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Judge orders defendant's mouth taped shut

Published:

Last Edited: April 21, 2009, 5:52 pm

Inmate duct taped

Nicklas Frasure


POCATELLO -- The first hint that Nicklas Frasure's hearing was going to be unusual came at the outset when the man attempted to fire his court-appointed counsel. It eventually culminated with the man's mouth bound with duct tape in an attempt to quell his frequent and irrational outbursts.

Frasure, 23, appeared before Sixth District Judge Peter D. McDermott Monday morning for an evidentiary hearing on reports of a probation violation for a 2008 felony theft conviction. Frasure's counsel, Kent Reynolds, requested near the outset that his client undergo a competency exam, a point Frasure hotly contested.
"I'm totally fine," Frasure said. "I have a sense of humor. I'm not bad looking. I can walk on my hands."

Frasure's tangential and odd comments persisted throughout the hearing, with his mood rapidly changing from incredulity to outrage to apparent mirth regarding his court appearance. At one point, Frasure referred to his appearance as a form of "terrorism."
"I'm not only innocent, but a victim," Frasure said. "I need to be released."

McDermott, whose general demeanor toward defendants is patient and gentle, tried unsuccessfully on numerous occasions to quiet Frasure's insistent non sequiturs until after the prosecutor and his own attorney had concluded.
Frasure's mother took the stand to describe her son's behavior, including escalating bouts of drinking and erratic behavior. The woman said Frasure had been much better after his release from State Hospital South in Blackfoot in October but had quit taking his medications shortly after his discharge.

"The last two months he started being really bizarre," the woman said.
The woman described how her son had calmly told her that a voice had told him to "take a shotgun and blow your head off."

The presence of his mother on the stand increased Frasure's outbursts, many of them referring to his needless persecution and his religious faith. Frasure continued to interrupt the proceedings, asking his mother to admit to murder.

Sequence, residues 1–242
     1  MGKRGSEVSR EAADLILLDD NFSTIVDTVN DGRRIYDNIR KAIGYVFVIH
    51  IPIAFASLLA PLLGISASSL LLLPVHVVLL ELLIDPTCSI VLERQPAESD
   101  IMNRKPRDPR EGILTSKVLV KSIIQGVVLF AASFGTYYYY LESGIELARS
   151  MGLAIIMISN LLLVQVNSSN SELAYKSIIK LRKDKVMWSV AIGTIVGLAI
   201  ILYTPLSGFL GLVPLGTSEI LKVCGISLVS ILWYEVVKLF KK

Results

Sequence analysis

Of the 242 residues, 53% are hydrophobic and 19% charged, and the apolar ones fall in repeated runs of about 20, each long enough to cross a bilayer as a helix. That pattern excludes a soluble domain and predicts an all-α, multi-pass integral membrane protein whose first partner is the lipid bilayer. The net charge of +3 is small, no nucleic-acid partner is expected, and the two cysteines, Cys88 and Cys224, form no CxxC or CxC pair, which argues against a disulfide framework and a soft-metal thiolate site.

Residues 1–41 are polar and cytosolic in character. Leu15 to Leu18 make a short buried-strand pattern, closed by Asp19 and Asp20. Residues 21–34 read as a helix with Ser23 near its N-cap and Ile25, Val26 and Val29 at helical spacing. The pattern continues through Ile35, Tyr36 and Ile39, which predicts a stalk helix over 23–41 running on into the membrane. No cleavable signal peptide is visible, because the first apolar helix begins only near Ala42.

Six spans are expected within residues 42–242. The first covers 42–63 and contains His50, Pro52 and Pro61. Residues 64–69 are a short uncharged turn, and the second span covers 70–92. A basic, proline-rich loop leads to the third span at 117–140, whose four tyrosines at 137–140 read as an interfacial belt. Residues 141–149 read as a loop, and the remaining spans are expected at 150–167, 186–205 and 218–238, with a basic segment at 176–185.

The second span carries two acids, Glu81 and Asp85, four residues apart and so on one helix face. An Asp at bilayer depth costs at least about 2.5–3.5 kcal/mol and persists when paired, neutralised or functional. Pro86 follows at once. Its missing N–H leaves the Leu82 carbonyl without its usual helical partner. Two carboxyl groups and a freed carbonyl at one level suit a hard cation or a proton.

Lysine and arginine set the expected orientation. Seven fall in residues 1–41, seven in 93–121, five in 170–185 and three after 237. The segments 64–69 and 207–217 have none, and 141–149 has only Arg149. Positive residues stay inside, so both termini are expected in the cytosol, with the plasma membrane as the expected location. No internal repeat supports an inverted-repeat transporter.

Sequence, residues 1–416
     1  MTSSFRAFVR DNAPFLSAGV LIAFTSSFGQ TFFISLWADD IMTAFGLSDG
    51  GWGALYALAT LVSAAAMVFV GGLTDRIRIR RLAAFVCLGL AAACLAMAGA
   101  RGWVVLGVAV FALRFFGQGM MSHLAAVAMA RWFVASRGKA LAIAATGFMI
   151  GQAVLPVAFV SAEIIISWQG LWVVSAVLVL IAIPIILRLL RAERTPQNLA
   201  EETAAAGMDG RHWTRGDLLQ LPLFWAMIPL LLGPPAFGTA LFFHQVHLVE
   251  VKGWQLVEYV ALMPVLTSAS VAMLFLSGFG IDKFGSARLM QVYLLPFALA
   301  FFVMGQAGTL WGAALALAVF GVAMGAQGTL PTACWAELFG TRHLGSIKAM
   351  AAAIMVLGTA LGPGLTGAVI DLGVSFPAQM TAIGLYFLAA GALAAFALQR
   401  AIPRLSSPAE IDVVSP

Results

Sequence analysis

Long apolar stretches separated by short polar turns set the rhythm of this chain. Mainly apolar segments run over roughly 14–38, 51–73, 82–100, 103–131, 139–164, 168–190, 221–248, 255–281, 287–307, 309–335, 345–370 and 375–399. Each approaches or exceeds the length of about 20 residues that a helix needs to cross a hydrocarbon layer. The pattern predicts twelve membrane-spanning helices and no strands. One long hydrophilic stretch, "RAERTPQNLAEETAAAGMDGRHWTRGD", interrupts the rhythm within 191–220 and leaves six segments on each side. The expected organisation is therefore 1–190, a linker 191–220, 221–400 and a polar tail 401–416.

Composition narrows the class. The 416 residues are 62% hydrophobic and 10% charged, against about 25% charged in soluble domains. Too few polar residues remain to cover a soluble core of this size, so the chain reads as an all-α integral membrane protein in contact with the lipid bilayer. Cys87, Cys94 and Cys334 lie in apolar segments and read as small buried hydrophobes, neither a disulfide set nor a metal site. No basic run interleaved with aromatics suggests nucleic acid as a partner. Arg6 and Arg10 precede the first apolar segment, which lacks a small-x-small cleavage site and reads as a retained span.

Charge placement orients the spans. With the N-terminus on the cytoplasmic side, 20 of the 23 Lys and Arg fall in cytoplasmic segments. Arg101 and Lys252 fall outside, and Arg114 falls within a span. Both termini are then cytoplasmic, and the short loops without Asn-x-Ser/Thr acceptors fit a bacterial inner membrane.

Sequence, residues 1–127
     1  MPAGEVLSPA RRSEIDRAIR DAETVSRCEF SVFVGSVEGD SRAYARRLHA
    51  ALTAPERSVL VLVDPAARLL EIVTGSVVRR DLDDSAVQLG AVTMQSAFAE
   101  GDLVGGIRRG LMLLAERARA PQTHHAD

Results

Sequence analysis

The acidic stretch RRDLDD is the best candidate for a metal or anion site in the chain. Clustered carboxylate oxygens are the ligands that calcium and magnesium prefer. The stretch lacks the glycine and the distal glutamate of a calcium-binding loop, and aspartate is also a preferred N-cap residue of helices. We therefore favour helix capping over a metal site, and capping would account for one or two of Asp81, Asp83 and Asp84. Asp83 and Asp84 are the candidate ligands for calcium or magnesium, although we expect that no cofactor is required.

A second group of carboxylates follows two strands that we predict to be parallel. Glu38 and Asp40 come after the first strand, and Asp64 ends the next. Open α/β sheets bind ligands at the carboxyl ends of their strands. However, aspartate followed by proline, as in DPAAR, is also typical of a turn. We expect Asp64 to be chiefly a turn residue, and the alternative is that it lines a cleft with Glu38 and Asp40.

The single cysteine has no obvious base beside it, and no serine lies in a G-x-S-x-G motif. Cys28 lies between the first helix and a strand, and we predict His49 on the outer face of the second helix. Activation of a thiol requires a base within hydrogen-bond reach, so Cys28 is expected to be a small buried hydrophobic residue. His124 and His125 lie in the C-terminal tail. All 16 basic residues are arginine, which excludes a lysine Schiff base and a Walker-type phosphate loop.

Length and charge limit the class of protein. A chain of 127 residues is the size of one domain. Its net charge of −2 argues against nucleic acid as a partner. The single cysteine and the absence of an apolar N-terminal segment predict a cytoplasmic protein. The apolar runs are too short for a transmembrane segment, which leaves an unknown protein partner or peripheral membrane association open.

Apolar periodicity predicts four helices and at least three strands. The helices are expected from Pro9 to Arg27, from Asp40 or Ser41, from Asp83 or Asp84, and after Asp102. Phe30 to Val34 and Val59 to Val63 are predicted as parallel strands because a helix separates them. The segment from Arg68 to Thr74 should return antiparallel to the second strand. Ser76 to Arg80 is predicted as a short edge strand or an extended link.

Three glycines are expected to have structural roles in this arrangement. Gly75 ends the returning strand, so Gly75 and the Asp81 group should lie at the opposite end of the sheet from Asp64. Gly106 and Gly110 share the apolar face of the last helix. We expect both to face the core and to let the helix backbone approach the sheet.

McDermott continued to warn Frasure to no avail about his outbursts and told him he would have a chance to address the court and pose questions of witnesses. He finally threatened to duct tape the man's mouth if he did not be quiet.

After several more lengthy and jumbled outbursts and additional warnings about a gag being employed, McDermott finally indicated he'd had enough, ordering the bailiffs to duct tape the man's mouth. The proceedings halted for several minutes while bailiffs retrieved the tape, tore a piece from the roll and applied it over the man's mouth.
Reynold's renewed his request for a competency exam.

"He's obviously not mentally competent," Reynolds said.
McDermott told Reynolds he would continue to take the request under advisement and continued the evidentiary hearing. Frasure continued to speak throughout the hearing despite the gag, insistently asking his mother if she were guilty of murder.

"I don't know how to proceed when Mr. Frasure is totally psychotically disabled," Reynolds said, causing McDermott to ask the woman if she felt her son was mentally ill and might harm her. The woman replied "yes" to both questions.
Frasure's probation officer, Julie Guiberson, took the stand and opined that the man was a threat to both himself and others, and particularly to his mother.

"He is probably the most mentally unstable person I have ever supervised," Guiberson said.

Guiberson noted that one of the probation provisions that Frasure was alleged to have violated was a requirement to take all prescribed medications. She said that Frasure had admitted to having stopped taking his medications due to side effects.

At the close of the hearing, Frasure's gag was removed and he again engaged in a rambling discourse. McDermott thanked the man for his comments.

McDermott declined to make a determination regarding Frasure's alleged probation violations, deciding to commit the man to a secure Department of Correction facility in Boise for evaluation and treatment rather than the non-secure facility in Blackfoot.

"I want to see you get better," McDermott told Frasure.

"You want to arm wrestle?" was Frasure's reply before being led from the courtroom by bailiffs.

 

By John Bulger

 

This document was originally published online on Tuesday, April 21, 2009

Entry #371

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